This "when in doubt, antibiotics" approach to medicine has a number of nasty side effects, and Nicole ran into a particularly fun one. "My digestive system has always been a bit messed up, so when I told my surgeon about my stomach pain and foul-smelling -- like wish-you-were-dead-smelling -- diarrhea, I didn't expect much of a response," she says. "Instead, I got sent into isolation. This is how I met C. diff."
Clostridium difficile, or C. diff, is a bacterium you always have in your butt, and it generally won't bother you because there are other bacteria in there that keep it in check, like the parent of a bunch of unruly toddlers. Antibiotics can take that good bacteria out of commission, however, leaving C. diff to go crazy. Since harried hospital workers often forgo washing their hands in favor of a quick antibacterial rubdown, it spreads around hospitals like wild butt-fire. The result: "It was a miserable experience -- I didn't want to eat anything," Nicole says. "I lived on Saltines, ginger ale, and broth. The smell of food made me sick. I lost 15 pounds over the course of three weeks (the only good thing to come from C. diff)."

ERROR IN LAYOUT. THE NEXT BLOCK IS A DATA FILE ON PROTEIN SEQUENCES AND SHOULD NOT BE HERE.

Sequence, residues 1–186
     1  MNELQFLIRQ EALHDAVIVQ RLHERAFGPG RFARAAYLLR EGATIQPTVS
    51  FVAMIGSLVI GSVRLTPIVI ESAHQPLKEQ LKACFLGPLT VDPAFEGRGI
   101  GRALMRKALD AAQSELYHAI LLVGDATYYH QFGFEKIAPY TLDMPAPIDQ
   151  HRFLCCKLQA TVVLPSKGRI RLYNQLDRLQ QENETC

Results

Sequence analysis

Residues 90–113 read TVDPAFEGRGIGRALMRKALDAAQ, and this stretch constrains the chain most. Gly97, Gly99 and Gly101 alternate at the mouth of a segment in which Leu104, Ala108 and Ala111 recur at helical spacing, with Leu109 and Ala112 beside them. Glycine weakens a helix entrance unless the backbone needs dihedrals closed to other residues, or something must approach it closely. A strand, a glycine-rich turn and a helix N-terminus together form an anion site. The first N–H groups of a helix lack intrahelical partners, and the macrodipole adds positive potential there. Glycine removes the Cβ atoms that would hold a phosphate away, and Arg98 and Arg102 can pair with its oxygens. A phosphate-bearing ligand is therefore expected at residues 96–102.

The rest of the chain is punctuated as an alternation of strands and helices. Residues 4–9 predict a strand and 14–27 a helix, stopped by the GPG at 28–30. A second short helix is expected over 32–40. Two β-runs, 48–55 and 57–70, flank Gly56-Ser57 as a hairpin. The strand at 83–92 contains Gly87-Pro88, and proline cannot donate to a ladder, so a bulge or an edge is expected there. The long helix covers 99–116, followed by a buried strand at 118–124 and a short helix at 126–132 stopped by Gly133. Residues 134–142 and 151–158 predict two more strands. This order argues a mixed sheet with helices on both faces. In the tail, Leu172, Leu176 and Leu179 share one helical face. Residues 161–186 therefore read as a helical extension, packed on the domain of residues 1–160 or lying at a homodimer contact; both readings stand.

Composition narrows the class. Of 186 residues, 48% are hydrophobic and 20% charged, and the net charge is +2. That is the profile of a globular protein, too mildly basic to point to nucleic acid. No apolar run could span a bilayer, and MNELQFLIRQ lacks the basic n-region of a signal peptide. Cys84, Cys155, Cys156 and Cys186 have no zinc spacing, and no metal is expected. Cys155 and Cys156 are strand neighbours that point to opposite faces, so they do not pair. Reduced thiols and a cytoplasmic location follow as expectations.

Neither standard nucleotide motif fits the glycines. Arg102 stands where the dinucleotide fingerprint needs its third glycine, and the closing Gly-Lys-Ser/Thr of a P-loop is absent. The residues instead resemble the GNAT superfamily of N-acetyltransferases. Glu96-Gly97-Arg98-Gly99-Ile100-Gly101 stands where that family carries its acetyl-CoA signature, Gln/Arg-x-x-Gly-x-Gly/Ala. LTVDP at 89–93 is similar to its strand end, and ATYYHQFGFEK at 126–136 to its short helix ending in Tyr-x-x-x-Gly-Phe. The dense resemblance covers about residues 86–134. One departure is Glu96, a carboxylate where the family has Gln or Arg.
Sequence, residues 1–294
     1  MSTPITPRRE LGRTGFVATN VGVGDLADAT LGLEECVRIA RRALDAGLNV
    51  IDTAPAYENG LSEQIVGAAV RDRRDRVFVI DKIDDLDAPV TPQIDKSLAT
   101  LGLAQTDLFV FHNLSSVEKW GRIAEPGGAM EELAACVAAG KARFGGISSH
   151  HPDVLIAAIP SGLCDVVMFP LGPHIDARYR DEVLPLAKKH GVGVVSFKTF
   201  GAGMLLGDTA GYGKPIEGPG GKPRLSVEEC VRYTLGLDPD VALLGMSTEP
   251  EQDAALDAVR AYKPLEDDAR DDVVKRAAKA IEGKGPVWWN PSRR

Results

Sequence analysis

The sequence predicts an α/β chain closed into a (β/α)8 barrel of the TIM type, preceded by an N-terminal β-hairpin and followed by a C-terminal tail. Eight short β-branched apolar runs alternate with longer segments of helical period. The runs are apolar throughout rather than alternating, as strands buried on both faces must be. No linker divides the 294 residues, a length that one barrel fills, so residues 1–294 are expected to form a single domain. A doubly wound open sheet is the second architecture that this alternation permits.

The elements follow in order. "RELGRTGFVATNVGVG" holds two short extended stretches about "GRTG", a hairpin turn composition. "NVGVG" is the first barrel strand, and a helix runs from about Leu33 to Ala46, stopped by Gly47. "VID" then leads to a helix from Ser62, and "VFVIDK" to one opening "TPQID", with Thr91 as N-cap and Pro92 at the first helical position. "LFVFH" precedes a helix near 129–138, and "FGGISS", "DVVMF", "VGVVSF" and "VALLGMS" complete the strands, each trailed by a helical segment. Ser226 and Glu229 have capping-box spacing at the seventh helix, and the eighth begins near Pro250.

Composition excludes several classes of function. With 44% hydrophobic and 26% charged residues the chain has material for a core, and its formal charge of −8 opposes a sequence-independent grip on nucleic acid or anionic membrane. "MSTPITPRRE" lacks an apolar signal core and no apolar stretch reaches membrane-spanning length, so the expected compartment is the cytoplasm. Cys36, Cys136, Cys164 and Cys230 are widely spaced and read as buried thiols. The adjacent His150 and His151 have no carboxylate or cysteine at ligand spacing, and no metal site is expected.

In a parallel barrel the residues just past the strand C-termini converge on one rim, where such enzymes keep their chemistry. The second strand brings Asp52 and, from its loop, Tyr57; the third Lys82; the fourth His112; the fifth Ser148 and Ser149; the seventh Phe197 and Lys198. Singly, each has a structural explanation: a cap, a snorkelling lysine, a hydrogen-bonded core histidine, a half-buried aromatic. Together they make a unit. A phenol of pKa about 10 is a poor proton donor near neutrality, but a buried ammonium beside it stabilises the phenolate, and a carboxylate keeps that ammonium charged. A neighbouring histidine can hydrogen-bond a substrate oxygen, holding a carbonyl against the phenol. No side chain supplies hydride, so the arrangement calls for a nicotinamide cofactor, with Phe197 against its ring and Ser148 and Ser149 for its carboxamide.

You will also form some very definite opinions about the softness of toilet paper.
After several more rounds of antibiotics shockingly failed to kill the antibiotic-resistant infection, "it was time to bring in the big guns: the fecal matter transplant," Nicole says. It may sound like a cruel prank, but it's actually perfectly logical: just take the bacteria from a healthy person's colon, stick it into the colon of the person who's missing it, and boom, you're back on the solid poop train. The method has been around since the days of ancient China, but it's only been recently studied by people in lab coats, who have found it to be effective against C. diff 85-90 percent of the time. It's also much cheaper than antibiotics, the current standard for treating C. diff, which only works about 30 percent of the time.
"Well, there is a procedure where we transplant p ... poo ... sh ... actually, let's just try antibiotics."